Bats of the Northwest
There are more than 40 species of bats in the United States, and the Pacific Northwest is home to approximately 18 of them, from the silver-haired bat and the western pipistrelle, to the Townsend’s big-eared bat and eight different species of myotis, known as mouse-eared bats. The insects these bats eat and the techniques they use to hunt them vary from species to species. Some, like the western red bat, capture and eat their prey mid-flight. Others, like pallid bats, like to grab crickets and scorpions right off the ground! Spotted bats eat many kinds of insects but prefer moths, while Keen’s myotis prefers spiders – each species is slightly different. Our bats also use every kind of habitat found in the Northwest, from desert to forest, trees to caves. Silver-haired bats like older forests and roost under loose bark, while Canyon bats like to roost in cracks of -you guessed it- canyon walls in arid landscapes.

Pallid bat, © CDFW

Bats play a critical role in Pacific Northwest ecosystems, as well as in human communities and economies. Bats consume a huge amount of insects every day – including some of the most pernicious agricultural pests. Without this natural pest control, we would have an explosion of moths, beetles, flies and mosquitoes. Experts estimate that little brown myotis can eat 600 mosquitos per hour!

If white-nose syndrome continues to spread unchecked, bats may face an extinction crisis. And the ripple effects will touch all of us. A dramatic drop in bat populations – as seen in the Eastern United States – could lead to an explosion of mosquitos and the diseases they carry. It may make us rely even more heavily on chemicals to control insects, which some researchers worry is actually contributing to outbreaks of fungus. It would also have profound consequences for the health of our forests and crops.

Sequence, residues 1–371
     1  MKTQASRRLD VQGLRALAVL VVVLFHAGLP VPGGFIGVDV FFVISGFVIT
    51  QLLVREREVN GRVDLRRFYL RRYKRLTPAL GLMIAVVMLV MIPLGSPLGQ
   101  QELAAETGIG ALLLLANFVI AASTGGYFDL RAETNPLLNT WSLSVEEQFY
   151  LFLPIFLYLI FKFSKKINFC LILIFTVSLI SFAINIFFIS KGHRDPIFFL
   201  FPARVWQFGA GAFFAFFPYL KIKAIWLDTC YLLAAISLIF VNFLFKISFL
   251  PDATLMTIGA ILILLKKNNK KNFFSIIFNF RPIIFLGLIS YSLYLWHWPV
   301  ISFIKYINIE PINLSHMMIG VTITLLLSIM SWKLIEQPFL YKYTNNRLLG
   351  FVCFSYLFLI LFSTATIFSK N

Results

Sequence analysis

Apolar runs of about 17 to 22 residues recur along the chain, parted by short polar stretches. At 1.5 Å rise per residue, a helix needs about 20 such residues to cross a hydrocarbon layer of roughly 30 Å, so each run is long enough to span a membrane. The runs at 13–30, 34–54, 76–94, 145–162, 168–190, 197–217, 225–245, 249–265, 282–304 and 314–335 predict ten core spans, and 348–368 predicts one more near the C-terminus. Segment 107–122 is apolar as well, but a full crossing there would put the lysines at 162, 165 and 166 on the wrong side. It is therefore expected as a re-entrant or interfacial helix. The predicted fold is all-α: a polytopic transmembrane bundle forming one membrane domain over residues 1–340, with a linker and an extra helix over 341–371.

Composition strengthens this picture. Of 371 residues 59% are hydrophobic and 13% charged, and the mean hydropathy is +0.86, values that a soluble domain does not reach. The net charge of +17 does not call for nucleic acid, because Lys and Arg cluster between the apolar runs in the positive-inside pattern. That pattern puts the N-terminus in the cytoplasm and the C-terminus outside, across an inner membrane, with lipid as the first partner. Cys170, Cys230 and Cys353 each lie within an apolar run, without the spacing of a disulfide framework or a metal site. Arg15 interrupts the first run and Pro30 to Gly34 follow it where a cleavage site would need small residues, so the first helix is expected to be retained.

Hoary bat, © Daniel Neal

Experts don’t yet know which of the Pacific Northwest’s bat species are susceptible to white-nose syndrome. In the eastern part of the country where the disease is widespread, seven cave hibernating species are afflicted. Two of these – the Little Brown Bat and Big Brown Bat – are also found in the Pacific Northwest. And the verified fungal infection in a Little Brown Bat seems to confirm that this species is vulnerable here as well. Over half of the other bat species found in the Pacific Northwest, and known to roost or hibernate together, could also be at risk.

Little brown bat WNS, © Ryan von LindenNew York Department of Environmental Conservation